"We lived in a house about 20 yards away from an oil well. Another Texaco oil well was upstream from where we got our drinking water, and the water was usually oily with a yellowish foam. I had 11 children. I lost Pedro when he was 19.... He had three cancerous tumors: in his lungs, liver, and his leg."
– Woman from Sacha
The Ecuadorian Amazon is suffering a public health crisis of immense proportions. The root cause of this crisis is water contamination from 40 years of oil operations. The oil infrastructure developed and operated by Texaco had utterly inadequate environmental controls, and consequently Texaco dumped 18 billion gallons of toxic wastewater directly into the region's rivers. The contamination of water essential for the daily activities of thousands of people has resulted in an epidemic of cancer, miscarriages, birth defects, and other ailments.
"It started with a little sore on my toe, which grew a bit larger. The water near my house, where I washed clothes, was full of crude and the sore grew bigger, as if the flesh were rotting. It didn't hurt, but I couldn't stand its stink. I had a fever and chills."
– Woman whose leg was amputated due to cancer
Studies have attempted to quantify the health impact of Texaco's operations in Ecuador. Scientific surveys have confirmed what local people know from their own experience: rates of cancer, including mouth, stomach and uterine cancer, are elevated in areas where there is oil contamination. Other studies have found high rates of childhood leukemia in particular among cancers, as well as an abnormal number of miscarriages. Children whose mothers were exposed to contaminated water have been born with birth defects.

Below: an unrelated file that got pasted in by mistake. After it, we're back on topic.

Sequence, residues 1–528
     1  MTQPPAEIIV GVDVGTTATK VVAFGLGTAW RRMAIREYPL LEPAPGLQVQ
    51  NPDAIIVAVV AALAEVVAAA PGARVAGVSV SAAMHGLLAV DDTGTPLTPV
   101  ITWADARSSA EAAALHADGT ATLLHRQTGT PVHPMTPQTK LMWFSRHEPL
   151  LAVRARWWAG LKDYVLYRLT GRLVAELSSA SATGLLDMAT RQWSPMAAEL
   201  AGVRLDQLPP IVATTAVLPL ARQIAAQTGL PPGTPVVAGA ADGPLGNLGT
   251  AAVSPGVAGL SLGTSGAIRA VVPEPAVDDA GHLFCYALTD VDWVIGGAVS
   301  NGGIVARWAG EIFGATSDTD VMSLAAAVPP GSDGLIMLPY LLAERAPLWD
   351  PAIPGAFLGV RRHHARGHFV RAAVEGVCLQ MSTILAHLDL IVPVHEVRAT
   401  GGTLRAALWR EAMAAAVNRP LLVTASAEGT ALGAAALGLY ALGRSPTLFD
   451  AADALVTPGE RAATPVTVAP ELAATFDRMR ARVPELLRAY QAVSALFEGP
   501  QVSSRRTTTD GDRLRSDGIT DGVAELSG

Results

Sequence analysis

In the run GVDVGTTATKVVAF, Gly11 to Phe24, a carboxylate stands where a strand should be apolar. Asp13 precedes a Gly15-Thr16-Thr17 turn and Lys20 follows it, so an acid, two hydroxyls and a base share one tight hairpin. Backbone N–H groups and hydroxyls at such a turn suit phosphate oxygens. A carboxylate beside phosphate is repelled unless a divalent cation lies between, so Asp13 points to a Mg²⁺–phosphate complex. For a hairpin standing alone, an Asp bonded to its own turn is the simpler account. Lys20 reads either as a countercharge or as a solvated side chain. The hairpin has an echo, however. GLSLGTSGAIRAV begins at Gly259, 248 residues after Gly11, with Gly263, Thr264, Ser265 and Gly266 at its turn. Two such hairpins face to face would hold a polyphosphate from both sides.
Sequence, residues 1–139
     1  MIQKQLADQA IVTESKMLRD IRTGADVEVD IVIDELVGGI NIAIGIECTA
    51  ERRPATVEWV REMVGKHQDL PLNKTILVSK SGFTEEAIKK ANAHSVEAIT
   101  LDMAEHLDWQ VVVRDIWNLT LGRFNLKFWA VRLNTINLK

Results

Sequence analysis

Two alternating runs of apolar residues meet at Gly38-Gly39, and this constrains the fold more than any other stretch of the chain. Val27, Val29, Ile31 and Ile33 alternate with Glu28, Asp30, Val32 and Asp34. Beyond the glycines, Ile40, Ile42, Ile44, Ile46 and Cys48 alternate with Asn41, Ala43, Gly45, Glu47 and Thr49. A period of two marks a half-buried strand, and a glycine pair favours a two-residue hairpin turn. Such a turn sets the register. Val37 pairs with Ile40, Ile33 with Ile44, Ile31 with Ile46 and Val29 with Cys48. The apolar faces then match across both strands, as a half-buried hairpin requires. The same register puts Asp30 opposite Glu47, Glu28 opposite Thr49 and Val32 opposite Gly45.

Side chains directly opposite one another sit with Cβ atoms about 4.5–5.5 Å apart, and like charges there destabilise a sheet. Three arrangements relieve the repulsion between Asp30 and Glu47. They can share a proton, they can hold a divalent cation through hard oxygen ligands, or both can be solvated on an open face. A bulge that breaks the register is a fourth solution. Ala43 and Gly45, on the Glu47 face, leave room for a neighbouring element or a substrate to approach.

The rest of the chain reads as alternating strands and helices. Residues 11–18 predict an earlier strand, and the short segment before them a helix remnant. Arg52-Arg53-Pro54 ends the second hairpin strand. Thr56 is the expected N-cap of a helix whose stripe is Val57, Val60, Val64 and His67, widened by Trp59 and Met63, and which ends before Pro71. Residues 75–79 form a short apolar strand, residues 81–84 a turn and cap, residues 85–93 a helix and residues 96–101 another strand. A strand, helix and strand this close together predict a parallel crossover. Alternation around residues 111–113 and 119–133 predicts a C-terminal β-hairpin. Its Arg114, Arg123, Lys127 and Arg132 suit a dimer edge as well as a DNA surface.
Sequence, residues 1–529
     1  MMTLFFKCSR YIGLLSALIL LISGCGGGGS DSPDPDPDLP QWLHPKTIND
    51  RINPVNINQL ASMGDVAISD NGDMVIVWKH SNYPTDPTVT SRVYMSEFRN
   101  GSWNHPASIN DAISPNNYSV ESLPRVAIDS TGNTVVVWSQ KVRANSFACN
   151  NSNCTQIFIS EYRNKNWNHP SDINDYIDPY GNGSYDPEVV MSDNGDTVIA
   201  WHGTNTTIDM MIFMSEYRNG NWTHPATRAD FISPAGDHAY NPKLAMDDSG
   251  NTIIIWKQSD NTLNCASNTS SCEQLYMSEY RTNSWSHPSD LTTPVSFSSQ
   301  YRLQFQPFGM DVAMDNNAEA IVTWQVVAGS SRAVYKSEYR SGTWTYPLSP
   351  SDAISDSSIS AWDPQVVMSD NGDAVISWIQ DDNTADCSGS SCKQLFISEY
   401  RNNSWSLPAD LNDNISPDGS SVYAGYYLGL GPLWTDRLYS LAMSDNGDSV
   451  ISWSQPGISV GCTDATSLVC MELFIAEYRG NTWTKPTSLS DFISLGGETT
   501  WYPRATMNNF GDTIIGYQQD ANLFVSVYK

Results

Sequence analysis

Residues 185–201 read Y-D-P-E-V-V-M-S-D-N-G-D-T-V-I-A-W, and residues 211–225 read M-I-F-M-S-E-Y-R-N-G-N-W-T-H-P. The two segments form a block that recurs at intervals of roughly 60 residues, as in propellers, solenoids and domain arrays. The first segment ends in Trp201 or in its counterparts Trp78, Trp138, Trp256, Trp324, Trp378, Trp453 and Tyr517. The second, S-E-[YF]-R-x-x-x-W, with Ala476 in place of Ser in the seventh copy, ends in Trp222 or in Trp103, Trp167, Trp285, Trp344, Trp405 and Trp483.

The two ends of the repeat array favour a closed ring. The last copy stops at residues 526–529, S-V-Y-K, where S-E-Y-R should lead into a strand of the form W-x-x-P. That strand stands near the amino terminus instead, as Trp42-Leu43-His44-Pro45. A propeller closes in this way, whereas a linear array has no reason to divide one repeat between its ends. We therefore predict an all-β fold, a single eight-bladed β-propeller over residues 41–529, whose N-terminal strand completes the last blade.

"The girl is 15.... She's very sick. She was born that way, not moving with soft bones. The doctors were never able to tell me what was wrong with her. Now she can sit up, crawl, pull herself along the floor, turn over. She says "mama," "papa," and cries when she's hungry or thirsty.... I have to feed her by hand."
– Mother whose daughter has birth defects
Beyond the epidemic of these deadly health problems, far more people suffer from frequent illness of a more minor type. Those who bathe in contaminated rivers report skin rashes. Those who drink the water report diarrhea. In this way, oil contamination has become a constant, oppressive, inescapable fact of life for thousands of residents of the Oriente. The overall toll that oil exploitation has taken on the region is difficult to quantify, and can perhaps best be understood through the words of people directly affected.